Conformity and ‘Community’: Fertile Ground for Tyranny

Many were shocked to witness the Canadian government’s brutal suppression of the truckers’ protest against vaccine mandates.  Previously, draconian lockdowns oppressed many more Canadians, resulting in the arrest of pastors for holding church services.  A decade before that, Mark Steyn, a critic of militant Islam, had endured his own government’s “show trial” under Canadian bureaucrats.  How could such things happen in the land of those polite, mild Canadians?

The stereotype of Canadians as polite, cooperative people seems to be widely accepted.  They often view themselves that way. One Canadian joke goes, “How do you get a hundred drunk and rowdy Canadians out of your pool? You say, ‘Please get out of the pool.’”  Comparatively speaking, Americans have probably tended to be more troublesome.  Nevertheless, America’s longstanding commitment to individual freedom has also helped to foster many wholesome independent spirits.  Without a large number of such people, it does not take much to transform a conformist society into a totalitarian one.

These days unthinking conformity is on the rise.  In Canada and elsewhere, the Orwellian euphemism often used to promote a type of enforced, top-down conformity is “community.”  It really does not denote any real community but rather the mass of people who submit meekly to high-handed authoritarian decrees.  Consequently, they are rewarded with official and social approval.  The rest can be ostracized as selfish misfits and troublemakers.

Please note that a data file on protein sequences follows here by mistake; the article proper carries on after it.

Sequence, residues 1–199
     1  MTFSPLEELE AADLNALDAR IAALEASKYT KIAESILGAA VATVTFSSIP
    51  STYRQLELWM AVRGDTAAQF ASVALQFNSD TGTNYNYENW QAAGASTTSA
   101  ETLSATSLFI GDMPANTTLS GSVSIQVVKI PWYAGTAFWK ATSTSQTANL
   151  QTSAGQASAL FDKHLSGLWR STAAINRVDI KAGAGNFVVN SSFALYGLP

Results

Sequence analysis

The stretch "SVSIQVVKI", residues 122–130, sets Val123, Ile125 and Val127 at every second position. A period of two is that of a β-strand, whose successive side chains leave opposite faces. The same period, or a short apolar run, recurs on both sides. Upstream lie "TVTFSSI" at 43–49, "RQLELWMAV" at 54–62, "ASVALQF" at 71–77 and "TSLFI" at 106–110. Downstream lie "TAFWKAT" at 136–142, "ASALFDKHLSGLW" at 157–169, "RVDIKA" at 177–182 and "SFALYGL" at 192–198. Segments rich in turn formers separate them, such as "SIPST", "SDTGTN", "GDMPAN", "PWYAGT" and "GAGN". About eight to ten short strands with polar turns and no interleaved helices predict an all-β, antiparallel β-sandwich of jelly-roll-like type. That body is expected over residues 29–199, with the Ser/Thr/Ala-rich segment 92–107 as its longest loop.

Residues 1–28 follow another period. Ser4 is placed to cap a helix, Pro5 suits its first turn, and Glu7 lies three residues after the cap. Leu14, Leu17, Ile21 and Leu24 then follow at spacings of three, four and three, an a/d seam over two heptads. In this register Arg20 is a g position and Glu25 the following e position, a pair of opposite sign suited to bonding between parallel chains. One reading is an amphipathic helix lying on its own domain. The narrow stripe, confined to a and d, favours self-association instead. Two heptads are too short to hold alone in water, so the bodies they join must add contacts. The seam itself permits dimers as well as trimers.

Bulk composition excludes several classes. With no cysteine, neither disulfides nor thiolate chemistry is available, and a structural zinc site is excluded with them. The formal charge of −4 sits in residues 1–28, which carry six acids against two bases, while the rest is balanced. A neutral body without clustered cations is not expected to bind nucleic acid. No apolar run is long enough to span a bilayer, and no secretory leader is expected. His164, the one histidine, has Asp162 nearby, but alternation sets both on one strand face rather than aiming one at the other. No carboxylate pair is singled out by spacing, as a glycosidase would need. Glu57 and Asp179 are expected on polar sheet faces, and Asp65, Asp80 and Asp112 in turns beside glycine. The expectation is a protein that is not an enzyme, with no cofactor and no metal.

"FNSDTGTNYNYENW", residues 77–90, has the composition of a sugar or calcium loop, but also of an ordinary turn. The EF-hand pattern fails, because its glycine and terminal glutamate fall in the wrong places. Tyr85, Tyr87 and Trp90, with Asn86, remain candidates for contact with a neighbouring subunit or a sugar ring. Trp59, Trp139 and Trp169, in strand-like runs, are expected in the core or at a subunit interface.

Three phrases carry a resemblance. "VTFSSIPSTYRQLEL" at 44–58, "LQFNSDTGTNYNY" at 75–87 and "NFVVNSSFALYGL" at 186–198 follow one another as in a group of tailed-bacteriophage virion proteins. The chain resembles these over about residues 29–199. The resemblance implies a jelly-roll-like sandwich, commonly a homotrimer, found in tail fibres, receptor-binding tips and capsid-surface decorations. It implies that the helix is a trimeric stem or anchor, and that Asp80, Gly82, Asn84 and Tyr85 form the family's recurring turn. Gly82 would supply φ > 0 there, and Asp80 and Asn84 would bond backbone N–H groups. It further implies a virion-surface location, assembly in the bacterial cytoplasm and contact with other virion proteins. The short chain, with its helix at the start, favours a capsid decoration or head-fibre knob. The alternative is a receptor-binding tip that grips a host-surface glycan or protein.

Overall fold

Bruce Bawer elaborates on how the Canadian government uses the “community” cudgel to marginalize dissenters there.  Ironically, though the Canadian government justifies its policies in the name of “community,” they undermine real social bonds by isolating people in their homes and punishing grassroots communities like churches for meeting together.

Another society once made constant use of the concept of “community” — Nazi Germany.  The German people were encouraged to conduct themselves as loyal partakers in “the national community,” always putting the common interest above self-interest.  Since Germans tended to be subservient to authority, this was not such a hard thing to accomplish there.

Japan, where I live, is well-known as a conformist society, as the Japanese themselves readily admit.  That type of society has significant weaknesses as well as strengths.  Conformism often targets those who do not blend in, either in behavior or looks.  There is a proverb in Japan about this: “The nail that sticks out gets hammered down.”

School and job-related bullying has been a persistent problem in Japan.  As a result, there is the widespread social problem of jobless shut-ins/drop-outs, called hikikomori, who number in the millions.  Other casualties include the numerous suicides among the young.  Young people in Japan often label as “KY” someone whose remarks show him to be out of sync with the group’s mindset.  The initials stand for kuuki o yomenai,  meaning “unable to read the atmosphere” (of the group).